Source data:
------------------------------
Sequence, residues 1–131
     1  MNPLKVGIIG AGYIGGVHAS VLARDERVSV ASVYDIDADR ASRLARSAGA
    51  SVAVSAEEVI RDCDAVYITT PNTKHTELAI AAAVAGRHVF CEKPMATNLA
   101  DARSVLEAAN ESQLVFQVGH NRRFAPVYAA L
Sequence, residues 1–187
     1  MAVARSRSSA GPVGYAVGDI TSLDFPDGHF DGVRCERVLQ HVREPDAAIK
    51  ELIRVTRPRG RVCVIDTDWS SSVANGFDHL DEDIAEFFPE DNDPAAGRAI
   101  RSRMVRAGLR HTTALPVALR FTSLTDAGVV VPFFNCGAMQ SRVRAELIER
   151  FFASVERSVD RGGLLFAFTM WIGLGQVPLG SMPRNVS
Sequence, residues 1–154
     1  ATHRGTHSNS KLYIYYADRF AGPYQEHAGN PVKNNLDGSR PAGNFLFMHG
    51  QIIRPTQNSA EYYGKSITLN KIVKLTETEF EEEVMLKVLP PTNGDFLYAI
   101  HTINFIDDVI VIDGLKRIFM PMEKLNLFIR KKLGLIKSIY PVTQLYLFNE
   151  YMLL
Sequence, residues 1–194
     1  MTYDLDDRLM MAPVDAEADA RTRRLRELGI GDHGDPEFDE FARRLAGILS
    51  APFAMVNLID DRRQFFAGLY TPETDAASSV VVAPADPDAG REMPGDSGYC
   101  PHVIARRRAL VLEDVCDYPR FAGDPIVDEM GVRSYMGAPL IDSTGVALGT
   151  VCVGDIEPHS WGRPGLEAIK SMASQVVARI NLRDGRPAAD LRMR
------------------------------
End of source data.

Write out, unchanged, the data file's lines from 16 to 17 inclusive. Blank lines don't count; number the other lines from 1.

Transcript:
     1  MTYDLDDRLM MAPVDAEADA RTRRLRELGI GDHGDPEFDE FARRLAGILS
    51  APFAMVNLID DRRQFFAGLY TPETDAASSV VVAPADPDAG REMPGDSGYC